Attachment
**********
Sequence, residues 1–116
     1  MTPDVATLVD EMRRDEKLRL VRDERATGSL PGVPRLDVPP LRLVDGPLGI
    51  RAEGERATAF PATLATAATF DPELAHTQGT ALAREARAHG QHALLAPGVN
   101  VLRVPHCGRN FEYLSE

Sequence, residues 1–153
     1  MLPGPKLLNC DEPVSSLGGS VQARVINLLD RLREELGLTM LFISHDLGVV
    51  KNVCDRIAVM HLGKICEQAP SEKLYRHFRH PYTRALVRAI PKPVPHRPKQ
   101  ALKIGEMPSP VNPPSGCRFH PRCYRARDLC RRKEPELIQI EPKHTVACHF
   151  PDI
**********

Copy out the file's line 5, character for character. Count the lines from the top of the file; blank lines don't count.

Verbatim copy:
Sequence, residues 1–153